Sometimes we’d like to use an arrow character or icon together with the link text to make it look nicer and attract users' attention. These are little arrows we see often by links such as “Read more…” at the end of blog post summaries or “Learn more” for products and services. The two variations look something like this:
Now, the question is, should these arrows go before the link text, or after? Let’s examine each one:
Arrow before link text
When the arrow is placed before the link text, it’s pointing to the link — it’s saying “hey, click this link”. It is advertising the link by drawing our attention to it as the arrow essentially focuses our eyes on the link. I think this is a pretty good idea because of the focus it gives, so using it on important links could be useful. These arrows can also be used to show current page in the navigation menu.
Arrow after link text
When the arrow is placed after the link text, it’s pointing away — it’s pointing somewhere else. This is saying “hey, click this to go there”. This is similar to a street sign pointing the direction to the nearest city. The thing I don’t like very much about it is that the arrow points to nowhere — it points to an empty space, away from the link. Unlike an arrow placed before the link which will focus our eyes on the link, the arrow placed after the link moves our focus away from it.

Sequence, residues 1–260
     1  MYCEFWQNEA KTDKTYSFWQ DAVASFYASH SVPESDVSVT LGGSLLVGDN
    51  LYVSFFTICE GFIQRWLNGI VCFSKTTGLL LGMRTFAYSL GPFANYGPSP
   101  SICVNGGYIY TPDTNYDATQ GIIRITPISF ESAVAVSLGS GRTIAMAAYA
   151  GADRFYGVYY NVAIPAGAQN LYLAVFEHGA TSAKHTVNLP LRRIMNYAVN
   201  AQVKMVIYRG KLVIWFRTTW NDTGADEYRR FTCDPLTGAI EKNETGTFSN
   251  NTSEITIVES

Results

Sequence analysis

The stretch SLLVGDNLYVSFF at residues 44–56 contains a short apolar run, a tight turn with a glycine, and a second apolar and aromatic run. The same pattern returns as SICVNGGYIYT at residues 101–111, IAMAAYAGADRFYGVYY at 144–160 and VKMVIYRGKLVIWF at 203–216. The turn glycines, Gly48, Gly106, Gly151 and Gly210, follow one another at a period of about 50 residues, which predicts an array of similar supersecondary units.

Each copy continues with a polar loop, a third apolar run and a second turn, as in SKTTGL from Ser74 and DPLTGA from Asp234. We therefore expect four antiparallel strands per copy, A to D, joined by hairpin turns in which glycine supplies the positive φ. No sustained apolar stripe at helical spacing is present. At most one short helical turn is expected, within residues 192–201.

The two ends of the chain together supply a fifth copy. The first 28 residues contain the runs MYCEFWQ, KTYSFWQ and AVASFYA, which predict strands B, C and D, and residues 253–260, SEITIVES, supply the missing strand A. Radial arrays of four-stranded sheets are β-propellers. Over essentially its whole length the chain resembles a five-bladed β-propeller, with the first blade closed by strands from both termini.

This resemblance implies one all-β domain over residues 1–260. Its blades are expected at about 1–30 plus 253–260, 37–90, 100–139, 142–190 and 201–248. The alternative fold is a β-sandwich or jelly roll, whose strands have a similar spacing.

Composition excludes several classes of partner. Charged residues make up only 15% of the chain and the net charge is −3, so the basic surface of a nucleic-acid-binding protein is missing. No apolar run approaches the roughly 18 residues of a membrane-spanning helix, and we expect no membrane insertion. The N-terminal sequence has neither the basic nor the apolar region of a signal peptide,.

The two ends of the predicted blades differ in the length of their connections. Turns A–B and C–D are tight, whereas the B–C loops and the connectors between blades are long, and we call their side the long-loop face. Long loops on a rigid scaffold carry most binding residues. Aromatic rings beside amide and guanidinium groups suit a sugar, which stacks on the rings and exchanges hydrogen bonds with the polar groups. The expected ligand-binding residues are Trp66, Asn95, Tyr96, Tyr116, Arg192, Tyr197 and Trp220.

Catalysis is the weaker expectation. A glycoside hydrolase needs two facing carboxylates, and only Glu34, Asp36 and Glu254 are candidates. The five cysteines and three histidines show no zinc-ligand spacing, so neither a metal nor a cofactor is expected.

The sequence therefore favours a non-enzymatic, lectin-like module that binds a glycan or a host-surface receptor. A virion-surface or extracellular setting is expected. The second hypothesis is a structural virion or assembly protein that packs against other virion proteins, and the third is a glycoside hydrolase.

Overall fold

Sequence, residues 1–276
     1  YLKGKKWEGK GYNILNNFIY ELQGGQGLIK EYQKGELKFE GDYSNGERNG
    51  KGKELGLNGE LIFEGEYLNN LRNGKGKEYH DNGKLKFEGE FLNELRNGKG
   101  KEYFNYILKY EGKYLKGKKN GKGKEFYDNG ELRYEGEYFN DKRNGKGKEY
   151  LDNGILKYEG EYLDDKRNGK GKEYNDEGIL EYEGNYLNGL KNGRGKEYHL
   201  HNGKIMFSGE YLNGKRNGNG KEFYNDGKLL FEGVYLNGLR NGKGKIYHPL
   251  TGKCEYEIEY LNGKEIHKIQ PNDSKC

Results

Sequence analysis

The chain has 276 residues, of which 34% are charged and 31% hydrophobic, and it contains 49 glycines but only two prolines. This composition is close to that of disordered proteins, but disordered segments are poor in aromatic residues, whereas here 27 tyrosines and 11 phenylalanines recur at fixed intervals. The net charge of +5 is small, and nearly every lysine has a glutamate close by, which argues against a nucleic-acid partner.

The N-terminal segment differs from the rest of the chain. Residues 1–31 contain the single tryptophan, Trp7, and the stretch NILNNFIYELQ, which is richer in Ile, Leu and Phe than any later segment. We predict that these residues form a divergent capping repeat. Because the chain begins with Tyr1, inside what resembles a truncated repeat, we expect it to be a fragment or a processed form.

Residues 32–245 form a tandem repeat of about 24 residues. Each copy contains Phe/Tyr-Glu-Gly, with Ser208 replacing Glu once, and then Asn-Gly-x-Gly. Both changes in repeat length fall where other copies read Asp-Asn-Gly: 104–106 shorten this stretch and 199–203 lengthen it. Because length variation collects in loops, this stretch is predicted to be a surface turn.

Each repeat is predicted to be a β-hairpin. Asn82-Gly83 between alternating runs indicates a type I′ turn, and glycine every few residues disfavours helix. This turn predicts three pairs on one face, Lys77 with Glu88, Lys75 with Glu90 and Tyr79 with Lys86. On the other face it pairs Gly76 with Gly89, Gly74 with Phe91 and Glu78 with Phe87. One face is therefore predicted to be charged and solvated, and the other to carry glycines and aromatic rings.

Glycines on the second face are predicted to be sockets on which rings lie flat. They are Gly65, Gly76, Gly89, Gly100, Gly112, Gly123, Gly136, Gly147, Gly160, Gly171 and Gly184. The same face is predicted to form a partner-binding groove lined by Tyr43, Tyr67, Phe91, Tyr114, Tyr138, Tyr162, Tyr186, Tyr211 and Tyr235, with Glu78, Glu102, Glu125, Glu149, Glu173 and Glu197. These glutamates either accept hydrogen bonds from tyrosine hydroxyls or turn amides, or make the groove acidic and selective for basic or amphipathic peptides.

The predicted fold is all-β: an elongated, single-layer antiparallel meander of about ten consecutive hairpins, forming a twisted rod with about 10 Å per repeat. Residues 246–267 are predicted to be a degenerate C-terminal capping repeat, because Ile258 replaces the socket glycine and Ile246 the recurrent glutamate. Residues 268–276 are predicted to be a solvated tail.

What should you use?
I think the best thing to do would be to look at the context. If the link is something to do with going to a full article page, or the next page of some content, then the arrow should probably go after the link. This is like a sign pointing the direction of the content — if you click the link you will go there.
Sometimes you have a list of links, so you can use the arrow before the link in the same manner you’d use a bullet point. You can also use the arrow before the link to indicate the current page the user is at in the navigation menu.
I’ve been using the arrow before the continue to article link here at Usability Post, but now I’m not so certain that this is the right way to go. I haven’t seen any research on this so I’ll be very interested to hear your thoughts and discuss it further — please do post your ideas in the comments below.